BRANDING AT HYDE RANCH ANGUS!
Earlier this month we profiled Bill and Beverly White and their purebred Angus cattle operation, Hyde Ranch Angus. They invited us to visit them during their annual branding, which was held in April. Branding takes a lot of hands and a few steady, well trained horses. The folks that helped this year were the White’s family – their kids and their spouses, their brothers and a good friend.
The White Family, riding out to gather the calves.
The Hyde Ranch Angus brand
Did you think that branding was a thing of the past? Not so! Cattle ranchers across the West brand their calf crop each spring, and for good reason. Brands are critical in proving ownership of an animal. It – and tattooing – is the only recognized way the law accepts as proof of ownership. Kind of like the pink slip on your car: your brand, your calf.
Brands heating in the fire
Ranchers tend to be old fashioned, they like to keep the old ways alive. Many modern ranchers use traditional methods on their operations. Branding at the White’s place is the same as the Old West. Riders on horseback rope and immobilize each calf, while the people on the ground position the calf properly, someone else grabs the hot iron from the fire and runs it over to the calf, and then Bill presses it into the calf’s hip.
Waiting for the next calf to be roped. That’s Bill in the foreground, and his daughter, Stacy on the paint horse.
Laying the calf down after it’s been roped.
Bill & Beverly’s son, Lance, holds the calf’s head for his dad, and carefully positions the calf right before the branding iron is brought over from the fire.
Bill tries to keep the whole mood of the branding as calm as possible. The horses are good, savvy, and know what to do. The men and women helping him are, too. It’s an efficient, respectful process, and the calves are handled carefully. In order to brand them, they must be immobilized, and Bill believes that the traditional method of roping and laying them on the ground is less stressful for his calves than using the squeeze chutes. These aren’t little animals – even though they’re babies and are still nursing, they weigh between 200-300 lbs!
Bill places the iron just so, then a quick press, and it’s done.
Everybody watches and holds still.
Sometimes, ranchers do a lot more at their brandings. They may castrate and vaccinate all at the same time as branding. Bill doesn’t do this. He doesn’t castrate, of course, because these little calves are being raised to be bulls! He vaccinates them earlier in the season, on his own. Branding in itself is a huge job, and he wishes to keep things as simple as possible.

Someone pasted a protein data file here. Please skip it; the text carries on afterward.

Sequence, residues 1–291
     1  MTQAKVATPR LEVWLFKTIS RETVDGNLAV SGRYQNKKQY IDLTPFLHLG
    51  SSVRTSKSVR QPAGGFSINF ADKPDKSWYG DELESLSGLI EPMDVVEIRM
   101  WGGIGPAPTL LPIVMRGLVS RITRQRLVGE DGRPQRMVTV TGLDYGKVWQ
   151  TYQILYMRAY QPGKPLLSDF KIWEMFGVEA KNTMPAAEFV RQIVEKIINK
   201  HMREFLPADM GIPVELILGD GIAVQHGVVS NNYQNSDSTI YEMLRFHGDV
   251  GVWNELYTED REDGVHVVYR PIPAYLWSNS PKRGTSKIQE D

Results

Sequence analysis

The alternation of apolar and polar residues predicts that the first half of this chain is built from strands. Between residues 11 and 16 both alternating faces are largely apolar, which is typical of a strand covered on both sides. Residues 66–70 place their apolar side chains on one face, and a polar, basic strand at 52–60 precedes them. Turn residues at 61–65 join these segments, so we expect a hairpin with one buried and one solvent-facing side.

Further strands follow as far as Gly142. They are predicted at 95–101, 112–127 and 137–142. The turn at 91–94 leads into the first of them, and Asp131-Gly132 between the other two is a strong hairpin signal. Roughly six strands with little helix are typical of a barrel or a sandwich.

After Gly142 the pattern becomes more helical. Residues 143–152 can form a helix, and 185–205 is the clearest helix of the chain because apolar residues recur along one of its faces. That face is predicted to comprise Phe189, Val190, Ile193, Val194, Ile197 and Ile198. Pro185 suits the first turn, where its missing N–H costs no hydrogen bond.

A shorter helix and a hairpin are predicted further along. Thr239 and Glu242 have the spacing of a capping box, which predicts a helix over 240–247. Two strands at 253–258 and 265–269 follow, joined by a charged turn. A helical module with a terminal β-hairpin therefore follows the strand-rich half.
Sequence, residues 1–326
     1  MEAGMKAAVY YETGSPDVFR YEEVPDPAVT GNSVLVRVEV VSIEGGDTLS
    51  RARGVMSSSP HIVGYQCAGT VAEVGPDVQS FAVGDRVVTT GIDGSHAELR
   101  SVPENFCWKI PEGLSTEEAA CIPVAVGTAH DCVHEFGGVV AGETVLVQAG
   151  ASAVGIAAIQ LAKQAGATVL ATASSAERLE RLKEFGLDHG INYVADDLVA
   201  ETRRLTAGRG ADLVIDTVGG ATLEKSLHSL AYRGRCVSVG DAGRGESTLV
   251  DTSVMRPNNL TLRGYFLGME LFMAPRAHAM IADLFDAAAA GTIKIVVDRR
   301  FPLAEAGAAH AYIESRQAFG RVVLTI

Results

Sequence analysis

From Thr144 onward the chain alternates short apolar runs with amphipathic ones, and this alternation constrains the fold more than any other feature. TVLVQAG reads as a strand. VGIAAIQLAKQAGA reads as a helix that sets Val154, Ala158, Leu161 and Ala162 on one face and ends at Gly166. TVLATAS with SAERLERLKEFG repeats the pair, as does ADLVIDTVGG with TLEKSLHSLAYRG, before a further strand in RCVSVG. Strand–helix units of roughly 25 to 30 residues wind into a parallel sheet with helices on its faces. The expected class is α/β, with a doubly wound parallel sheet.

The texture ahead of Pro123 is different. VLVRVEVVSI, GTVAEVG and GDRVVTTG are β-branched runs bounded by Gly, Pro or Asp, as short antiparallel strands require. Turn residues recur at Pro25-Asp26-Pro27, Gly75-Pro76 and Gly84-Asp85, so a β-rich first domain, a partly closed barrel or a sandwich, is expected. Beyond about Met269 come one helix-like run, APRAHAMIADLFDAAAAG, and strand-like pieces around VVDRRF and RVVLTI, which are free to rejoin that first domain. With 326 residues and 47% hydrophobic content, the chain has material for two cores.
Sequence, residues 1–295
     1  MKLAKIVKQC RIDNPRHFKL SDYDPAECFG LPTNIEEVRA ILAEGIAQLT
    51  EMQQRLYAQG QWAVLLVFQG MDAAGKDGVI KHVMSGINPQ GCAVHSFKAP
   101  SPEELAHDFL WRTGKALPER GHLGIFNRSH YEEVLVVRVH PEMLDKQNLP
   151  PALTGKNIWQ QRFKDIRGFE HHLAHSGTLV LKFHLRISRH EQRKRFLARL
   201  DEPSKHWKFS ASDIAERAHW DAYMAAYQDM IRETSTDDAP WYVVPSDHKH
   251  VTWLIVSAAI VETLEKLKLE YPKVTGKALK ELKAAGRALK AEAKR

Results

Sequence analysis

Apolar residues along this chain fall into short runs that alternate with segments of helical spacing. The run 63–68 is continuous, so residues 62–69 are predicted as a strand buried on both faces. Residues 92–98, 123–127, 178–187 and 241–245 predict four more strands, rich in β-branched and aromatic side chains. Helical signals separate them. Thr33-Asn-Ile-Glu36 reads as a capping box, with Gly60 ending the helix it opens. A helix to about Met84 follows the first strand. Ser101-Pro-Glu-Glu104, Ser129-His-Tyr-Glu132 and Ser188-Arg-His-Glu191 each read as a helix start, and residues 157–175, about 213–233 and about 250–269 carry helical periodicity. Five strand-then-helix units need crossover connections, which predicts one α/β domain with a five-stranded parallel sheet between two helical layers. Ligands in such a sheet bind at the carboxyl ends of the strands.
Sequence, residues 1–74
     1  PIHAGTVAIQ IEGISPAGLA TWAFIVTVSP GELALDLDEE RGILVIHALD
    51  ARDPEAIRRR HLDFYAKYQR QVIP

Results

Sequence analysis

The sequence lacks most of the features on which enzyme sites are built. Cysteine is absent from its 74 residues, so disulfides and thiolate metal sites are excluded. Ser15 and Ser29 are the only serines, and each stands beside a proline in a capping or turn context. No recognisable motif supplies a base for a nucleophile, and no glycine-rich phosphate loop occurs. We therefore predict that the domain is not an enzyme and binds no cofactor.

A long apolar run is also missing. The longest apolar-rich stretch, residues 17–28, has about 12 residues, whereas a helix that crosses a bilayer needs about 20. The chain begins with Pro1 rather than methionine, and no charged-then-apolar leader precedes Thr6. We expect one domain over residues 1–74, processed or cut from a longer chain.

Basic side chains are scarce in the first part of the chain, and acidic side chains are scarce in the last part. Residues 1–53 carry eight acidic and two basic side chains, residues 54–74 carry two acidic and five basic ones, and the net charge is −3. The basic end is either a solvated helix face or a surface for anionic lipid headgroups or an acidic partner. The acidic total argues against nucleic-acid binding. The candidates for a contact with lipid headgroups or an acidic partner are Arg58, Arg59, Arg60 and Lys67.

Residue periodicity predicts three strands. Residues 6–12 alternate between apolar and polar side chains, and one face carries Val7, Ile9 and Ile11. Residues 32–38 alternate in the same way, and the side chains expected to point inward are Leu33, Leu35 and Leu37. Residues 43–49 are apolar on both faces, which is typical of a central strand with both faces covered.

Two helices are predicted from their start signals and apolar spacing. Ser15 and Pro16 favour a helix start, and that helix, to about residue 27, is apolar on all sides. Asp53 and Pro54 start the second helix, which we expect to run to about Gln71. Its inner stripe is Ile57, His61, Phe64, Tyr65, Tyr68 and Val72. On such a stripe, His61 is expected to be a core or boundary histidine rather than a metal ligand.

While the iron is being pressed onto the calf, Bill’s daughter, Dana assists by holding the calf still.
There are other methods of cattle identification, like eartags, ear notches, and ear and lip markings or tattoos. Eartags are important to the rancher – they tell him the animal’s number, sometimes the year it was born, and who its parents are. But, they aren’t permanent ID. They rip out or can be easily removed. Tattooing is expensive and an animal has to be caught in order to examine the tattoo. The hot brand actually tans the hide, and leaves the branded area hairless. It hurts only for a second, kind of like getting your ears pierced or a tattoo.
Flipping the head and heel ropes off the calf right after it’s been branded so it can run free.
A brand is the way cattle are linked to the ranch they belong to, especially in the West, where we have big ranges, and animals move freely from pasture to pasture. A brand is visible from a distance, and will be with the animal for life. It is important for a rancher to be able to identify his cattle and their brand – especially when cattle are grazing on open rangeland, where they can wander and sometimes mix with herds from another ranch.
Freshly branded calves, lined up, ready to back to the pasture.
Every state has a Brand Inspection Agency. This agency approves, records, keeps track of, and manages the brands in the state. Every ranch that uses a brand registers its brand design and location with the state brand inspection agency. Most brands are placed on the shoulder, hip, or side.
All branded, and running back to mama!
Cattle rustling is a still problem in the West, especially when beef prices are high! Cattle disappear regularly, and the Sheriff or Brand Inspector will be on the lookout for suspicious looking brands on animals. Although a brand could be branded over, having a unique identifying mark helps discourage cattle thieves from making off with a rancher’s livestock.
Cows and calves, reunited, grazing, like nothing ever happened.
Once its all done, the calves scamper back to their mothers, they nurse, and everything is all right with their world.
The 2015 White Family Branding Crew. A good day’s work safely done.
After the tools and equipment are put away, everyone is invited to the house, for a nice, hearty lunch prepared by Beverly. What do you think is served? BEEF OF COURSE! D-e-l-i-c-i-o-u-s!